Canadian Thanksgiving occurs on the second Monday of October. This means that it’s today (Oct. 11, 2010).
Canadian Thanksgiving is similar to American Thanksgiving. During this celebration, turkey is cooked, macaroni and cheese and smashed potatoes are also served.
The obvious difference between Canadian and American Thanksgiving is the date on which each occurs. In the U.S.A, Thanksgiving falls at the end of November, about a month before Christmas. In Canada, it’s the second week in October.
The reason for this has not been thoroughly explained, or is simply not really understood. The general belief is that, because Canada is slightly colder, the fall season comes earlier, and by default, so does the harvest, that which is being celebrated. In this regard, celebrating the harvest earlier in October makes sense.
However, historically, Canadian Thanksgiving was celebrated in early November, but due to its closeness to Remembrance Day (Nov. 11), the Canadian Parliament moved it to early October in the 19th century (1899).
This brings me to a second issue. What exactly are Canadians celebrating when they celebrate Thanksgiving? According to American history, the Thanksgiving tradition goes back to the first time the Native Americans had a feast with the European settlers at Plymouth Plantation in 1621. It was a feast to give thanks for surviving the harsh winter.
In Canada, the myth follows that the Thanksgiving tradition was first observed on April 15, 1872 to celebrate the recovered health of the Prince of Wales (Prince Edward VII). However, according to the Canadian Encyclopedia:
Thanksgiving draws upon 3 traditions: harvest celebrations in European peasant societies for which the symbol was the cornucopia (horn of plenty); formal observances, such as that celebrated by Martin FROBISHER in the eastern Arctic in 1578 – the first North American Thanksgiving; and the Pilgrims’ celebration of their first harvest in Massachusetts (1621) involving the uniquely American turkey, squash and pumpkin. The celebration was brought to Nova Scotia in the 1750s and the citizens of Halifax commemorated the end of the SEVEN YEARS’ WAR (1763) with a day of Thanksgiving. Loyalists brought the celebration to other parts of the country. In 1879 Parliament declared Nov 6 as a day of Thanksgiving; it was celebrated as a national rather than a religious holiday.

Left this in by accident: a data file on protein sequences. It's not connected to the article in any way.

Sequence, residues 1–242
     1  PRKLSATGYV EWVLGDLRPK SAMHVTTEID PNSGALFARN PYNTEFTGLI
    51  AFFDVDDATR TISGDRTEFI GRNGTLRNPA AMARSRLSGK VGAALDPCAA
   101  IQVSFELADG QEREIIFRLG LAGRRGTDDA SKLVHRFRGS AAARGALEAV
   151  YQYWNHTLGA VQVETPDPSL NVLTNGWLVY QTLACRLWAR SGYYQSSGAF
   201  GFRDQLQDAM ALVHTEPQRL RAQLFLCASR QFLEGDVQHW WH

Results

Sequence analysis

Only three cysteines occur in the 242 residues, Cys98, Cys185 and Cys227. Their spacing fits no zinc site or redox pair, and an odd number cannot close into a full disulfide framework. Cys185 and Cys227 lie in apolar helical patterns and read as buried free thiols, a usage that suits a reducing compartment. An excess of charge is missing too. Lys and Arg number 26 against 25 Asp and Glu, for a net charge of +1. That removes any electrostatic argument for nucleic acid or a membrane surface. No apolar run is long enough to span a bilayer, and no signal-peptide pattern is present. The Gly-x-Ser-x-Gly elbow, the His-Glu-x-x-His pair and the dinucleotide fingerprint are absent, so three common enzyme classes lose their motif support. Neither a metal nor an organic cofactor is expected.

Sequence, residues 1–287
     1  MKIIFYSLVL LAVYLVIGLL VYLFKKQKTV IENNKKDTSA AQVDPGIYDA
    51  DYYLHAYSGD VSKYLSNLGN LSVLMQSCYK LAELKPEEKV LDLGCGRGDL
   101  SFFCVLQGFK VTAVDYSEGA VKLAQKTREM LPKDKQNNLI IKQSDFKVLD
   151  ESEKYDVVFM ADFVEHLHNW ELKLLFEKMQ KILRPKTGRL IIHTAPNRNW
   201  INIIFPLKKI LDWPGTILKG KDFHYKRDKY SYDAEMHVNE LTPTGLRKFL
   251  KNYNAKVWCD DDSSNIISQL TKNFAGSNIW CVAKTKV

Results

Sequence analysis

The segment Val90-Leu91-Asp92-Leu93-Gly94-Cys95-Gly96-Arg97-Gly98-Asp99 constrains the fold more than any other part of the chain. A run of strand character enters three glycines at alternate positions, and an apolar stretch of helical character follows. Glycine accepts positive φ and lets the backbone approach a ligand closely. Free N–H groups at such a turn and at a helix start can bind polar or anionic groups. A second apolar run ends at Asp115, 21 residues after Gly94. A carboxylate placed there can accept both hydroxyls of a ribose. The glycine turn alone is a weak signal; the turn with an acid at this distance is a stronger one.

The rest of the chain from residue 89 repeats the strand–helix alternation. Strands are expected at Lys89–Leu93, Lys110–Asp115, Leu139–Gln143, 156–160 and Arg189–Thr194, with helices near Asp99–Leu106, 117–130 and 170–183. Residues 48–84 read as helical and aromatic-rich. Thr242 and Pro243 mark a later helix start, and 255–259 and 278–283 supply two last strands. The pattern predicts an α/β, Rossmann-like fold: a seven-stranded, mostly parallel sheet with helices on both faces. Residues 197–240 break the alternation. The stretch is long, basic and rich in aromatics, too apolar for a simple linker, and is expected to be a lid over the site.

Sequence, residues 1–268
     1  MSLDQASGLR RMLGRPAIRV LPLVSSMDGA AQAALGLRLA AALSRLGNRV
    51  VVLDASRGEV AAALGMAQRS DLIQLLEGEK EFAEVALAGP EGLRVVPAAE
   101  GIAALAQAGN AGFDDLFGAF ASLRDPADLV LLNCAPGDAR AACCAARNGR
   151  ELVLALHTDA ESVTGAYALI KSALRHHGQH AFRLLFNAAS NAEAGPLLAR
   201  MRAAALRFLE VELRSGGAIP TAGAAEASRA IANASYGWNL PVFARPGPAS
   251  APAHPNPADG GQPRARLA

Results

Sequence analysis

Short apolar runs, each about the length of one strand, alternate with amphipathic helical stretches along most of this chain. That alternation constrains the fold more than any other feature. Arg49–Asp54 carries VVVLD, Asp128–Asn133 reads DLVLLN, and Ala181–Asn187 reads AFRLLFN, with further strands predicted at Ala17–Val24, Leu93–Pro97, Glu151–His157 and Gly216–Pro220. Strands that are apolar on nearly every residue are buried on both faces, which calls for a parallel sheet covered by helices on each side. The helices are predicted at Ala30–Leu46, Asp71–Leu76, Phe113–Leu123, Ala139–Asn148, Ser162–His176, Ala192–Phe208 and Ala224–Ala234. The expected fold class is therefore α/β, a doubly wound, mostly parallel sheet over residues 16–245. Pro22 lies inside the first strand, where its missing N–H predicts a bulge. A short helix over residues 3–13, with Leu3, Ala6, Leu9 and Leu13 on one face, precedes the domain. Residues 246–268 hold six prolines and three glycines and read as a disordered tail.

So, apparently, Canadian Thanksgiving has three sources to thank for its existence: Sir Martin Frobisher, for celebrating the unofficial first Thanksgiving in the maritime provinces; Prince Edward VII for recovering from his illness, and of course, American pilgrims, for celebrating Thanksgiving in 1621, and American Loyalists for bringing the tradition to Canada during the following years.
Today, however, most Canadians don’t know the history of Thanksgiving. In Canada, it’s understood as just a mandatory family holiday. It’s a holiday when you give thanks for all your blessings, family, life and everything else you feel is worthy of giving thanks for.